6 Films that Predate JFK’s Return to the Big Screen
When Oliver Stone’s highly-anticipated JFK hit theaters back in 1991, the film garnered significant buzz. Although it performed well critically and commercially, ultimately earning $205 million worldwide and winning two Academy Awards, it also stirred significant controversy as media outlets blasted Stone for attempting to disfigure history and take certain creative liberties.
Now, despite the strife — or maybe on account of it – Variety reports that JFK has earned a re-release more than two decades after its initial premiere and it will not only be available in Blu-ray come November, it will also make an appearance on the big screen in New York, LA, and D.C. on November 6 through 14. Distributed by Warner Bros. (NYSE:TWX), JFK follows the events leading up to the president’s assassination and the aftermath.
Stone broke the news of its re-release via Twitter Thursday, and also alerted consumers that an unreleased chapter would hit theaters and Blu-Ray along with the original film. Even more than 20 years since its initial debut, analysts expect JFK to amass significant attention as it takes on the big screen once again — but as history shows, some re-releases fare better than others. Here are six other films that have earned a re-debut as they become cemented in history, and succeeded in proving their prowess even a second time around.
Walt Disney’s (NYSE:DIS) Toy Story is up first on the re-release list. The popular animation film was originally released in 1995, but a sequel and triquel followed shortly thereafter in 1999 and 2010, respectively. On account of its widespread critical acclaim and commerical success, Toy Story was awarded a re-release on October 2, 2009, in digital 3-D.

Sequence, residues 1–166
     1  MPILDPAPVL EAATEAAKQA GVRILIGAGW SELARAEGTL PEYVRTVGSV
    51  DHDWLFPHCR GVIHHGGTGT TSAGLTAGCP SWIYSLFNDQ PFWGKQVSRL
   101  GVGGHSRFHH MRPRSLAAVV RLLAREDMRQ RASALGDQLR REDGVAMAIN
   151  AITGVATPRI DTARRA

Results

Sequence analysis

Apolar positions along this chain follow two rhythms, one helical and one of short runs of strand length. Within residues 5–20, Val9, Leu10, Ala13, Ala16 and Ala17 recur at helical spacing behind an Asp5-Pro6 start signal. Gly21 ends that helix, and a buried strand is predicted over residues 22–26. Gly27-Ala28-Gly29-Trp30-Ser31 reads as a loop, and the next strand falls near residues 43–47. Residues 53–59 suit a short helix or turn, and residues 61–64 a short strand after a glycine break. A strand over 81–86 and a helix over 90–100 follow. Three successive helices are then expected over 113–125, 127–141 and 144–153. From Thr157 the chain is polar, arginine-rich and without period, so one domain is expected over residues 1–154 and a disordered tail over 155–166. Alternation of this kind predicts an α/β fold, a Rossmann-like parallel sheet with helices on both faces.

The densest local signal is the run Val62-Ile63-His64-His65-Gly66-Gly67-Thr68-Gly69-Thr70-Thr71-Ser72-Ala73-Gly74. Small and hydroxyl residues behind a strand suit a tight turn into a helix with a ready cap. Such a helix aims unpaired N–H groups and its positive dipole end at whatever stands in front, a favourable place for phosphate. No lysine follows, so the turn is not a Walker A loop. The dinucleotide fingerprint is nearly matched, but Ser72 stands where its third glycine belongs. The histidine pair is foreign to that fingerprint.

It was also released with Toy Story 2 as a double feature for a two week run that ultimately earned an extension due to its success. The re-release ended up domestically grossing Disney $30,702,446 and Toy Story-inspired material, including theme park attractions, continue to thrive.
Next up, a couple characters by the names of Simba and Mufasa. Another classic Disney film, The Lion King was re-released in 3-D on September 16, 2011 after originally debuting in 1994. Surpassing Toy Story, it earned $94,242,001 and is now the highest grossing hand-drawn film in history.
No one can forget about Belle. She and her beast won a re-debut of their film that was originally released all the way back in 1991. Thanks to the re-release success of both Toy Story and The Lion King, Disney was prompted to grant Beauty and the Beast more screen time in the form of 3-D, and put it back on the big screen on January 13, 2012, a full 11 years after its first release. Although the film didn’t fare as well as The Lion King, grossing $47,617,067, its re-release was still considered a significant success and Beauty and the Beast is still known as the first animated film to be nominated for the Academy Award for Best Picture.
Coming up next is The Phantom Menace, the first of a three-part prequel to the original Star Wars trilogy. Distributed by 20th Century Fox, the film premiered in theaters on May 19, 1999. It fared significantly well in its initial run thanks to its band of loyal followers, and being the highest-grossing Star Wars film, it earned a re-release in 3D on February 10, 2012 when it again earned a considerable $43,456,382.
Paramount’s Titanic is next on the list — breaking the animation film trend. Rose and Jack met onboard the RLS Titanic in all their real-life glory in the movie that premiered in 1997, and Titanic ended up achieving critical and commercial success, while also nabbing 14 Academy Award nominations. After initially grossing over $1.84 billion worldwide, the film returned to the big screen in 3D on April 4, 2012, and scored Paramount $57,884,114.
Just keep swimming — we’ve reached the end of this list. Disney’s iconic film Finding Nemo is last, representing the film that regained the studio widespread animation success, intially premiering in 2003 and earning $921 million worldwide. It re-took the big screen a mere 9 years later in 3D, and again racked up $41,128,283.